Pabrai advises investors to "fixate on arbitrage", especially those situations where downside risk is eliminated, even if upside potential is limited. He discusses the following types of arbitrage, with particular emphasis on the last one:
- Traditional: Buying gold on one exchange and selling it for a higher price on another
- Correlated: Buying shares of a Class B stock while shorting the Class A if there's a price/value discrepancy
- Merger: Buying a company about to be bought-out by another. It's important to note that this type of arbitrage is generally not risk-free.
- Dhandho Arbitrage
Dhadho arbitrage is the central theme of this chapter. Dhandho arbitrage allows businesses to earn above normal profits for a limited time, before competitors or substitutes enter and destroy these higher returns. An enduring Dhadho arbitrage is what Buffett would call a moat.
Pabrai goes on to describe the Dhandho arbitrage spreads of several businesses. Some have spreads of just a few months, while others have spreads that span decades. While Pabrai argues that the "Dhadho arbitrage spreads" of all businesses will eventually be eroded, two important factors can allow investors to earn excellent returns in the interim: the size of the spread (or moat), and its duration.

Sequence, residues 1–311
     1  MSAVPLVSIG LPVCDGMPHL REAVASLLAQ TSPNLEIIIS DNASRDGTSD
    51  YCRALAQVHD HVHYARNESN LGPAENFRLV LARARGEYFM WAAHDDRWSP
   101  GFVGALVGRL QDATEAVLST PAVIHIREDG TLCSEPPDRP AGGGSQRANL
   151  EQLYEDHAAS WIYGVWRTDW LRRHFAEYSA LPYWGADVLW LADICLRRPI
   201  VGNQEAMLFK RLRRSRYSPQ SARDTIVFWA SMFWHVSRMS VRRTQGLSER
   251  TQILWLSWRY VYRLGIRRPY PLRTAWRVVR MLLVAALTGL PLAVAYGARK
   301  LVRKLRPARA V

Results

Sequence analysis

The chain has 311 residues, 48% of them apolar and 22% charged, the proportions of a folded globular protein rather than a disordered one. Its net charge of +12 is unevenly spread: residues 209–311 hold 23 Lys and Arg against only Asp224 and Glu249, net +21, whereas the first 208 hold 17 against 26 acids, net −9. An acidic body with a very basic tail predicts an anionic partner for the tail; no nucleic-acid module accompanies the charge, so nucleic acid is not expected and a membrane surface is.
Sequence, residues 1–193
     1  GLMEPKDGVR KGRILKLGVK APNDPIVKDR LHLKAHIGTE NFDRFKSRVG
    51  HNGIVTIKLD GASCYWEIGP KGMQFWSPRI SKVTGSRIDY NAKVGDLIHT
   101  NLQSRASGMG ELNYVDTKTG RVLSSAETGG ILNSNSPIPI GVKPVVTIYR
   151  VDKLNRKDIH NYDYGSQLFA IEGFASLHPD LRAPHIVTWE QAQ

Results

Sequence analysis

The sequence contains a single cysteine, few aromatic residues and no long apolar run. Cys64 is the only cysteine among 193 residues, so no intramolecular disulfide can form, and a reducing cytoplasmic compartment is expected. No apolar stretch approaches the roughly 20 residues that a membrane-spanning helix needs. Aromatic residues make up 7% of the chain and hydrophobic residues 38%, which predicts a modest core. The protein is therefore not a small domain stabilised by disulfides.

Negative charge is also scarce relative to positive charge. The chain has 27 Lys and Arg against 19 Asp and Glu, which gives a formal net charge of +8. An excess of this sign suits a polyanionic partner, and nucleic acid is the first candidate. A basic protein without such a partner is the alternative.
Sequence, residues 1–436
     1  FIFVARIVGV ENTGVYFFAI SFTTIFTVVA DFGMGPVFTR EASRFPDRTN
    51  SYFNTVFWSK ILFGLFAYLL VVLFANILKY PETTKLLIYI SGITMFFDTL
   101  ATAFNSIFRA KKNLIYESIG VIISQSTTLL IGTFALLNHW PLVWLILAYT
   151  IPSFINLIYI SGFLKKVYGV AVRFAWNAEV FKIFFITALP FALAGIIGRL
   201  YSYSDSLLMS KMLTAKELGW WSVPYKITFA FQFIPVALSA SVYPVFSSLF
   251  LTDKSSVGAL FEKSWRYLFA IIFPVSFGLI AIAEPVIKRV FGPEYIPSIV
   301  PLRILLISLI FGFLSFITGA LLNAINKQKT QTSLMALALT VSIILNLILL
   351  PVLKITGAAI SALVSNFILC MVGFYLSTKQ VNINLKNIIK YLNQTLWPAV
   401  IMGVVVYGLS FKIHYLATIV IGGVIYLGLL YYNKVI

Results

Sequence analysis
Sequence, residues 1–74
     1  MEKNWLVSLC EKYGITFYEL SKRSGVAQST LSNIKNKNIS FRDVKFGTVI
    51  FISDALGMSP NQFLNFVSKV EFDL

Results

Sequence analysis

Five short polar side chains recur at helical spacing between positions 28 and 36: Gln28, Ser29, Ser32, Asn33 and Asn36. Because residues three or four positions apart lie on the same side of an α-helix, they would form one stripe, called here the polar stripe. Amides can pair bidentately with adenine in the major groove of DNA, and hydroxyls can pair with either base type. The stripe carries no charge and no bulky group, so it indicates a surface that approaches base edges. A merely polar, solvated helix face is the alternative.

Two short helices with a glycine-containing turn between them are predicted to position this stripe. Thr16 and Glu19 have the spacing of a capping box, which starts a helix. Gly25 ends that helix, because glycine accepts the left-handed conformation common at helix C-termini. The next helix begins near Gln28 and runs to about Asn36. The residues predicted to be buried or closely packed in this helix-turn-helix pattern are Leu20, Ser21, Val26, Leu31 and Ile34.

To that end, Pabrai describes a couple of businesses owned by Warren Buffett that no longer have moats, Blue Chip Stamps and World Book. Nevertheless, the "aribitrage spread" earned by these companies over the years has made Buffett a lot of money - for example, Buffett's purchase of See's Candy was partially bought by money earned from Blue Chip. Pabrai advises investors looking for superior returns to invest in companies with wide and durable Dhandho arbitrage spreads.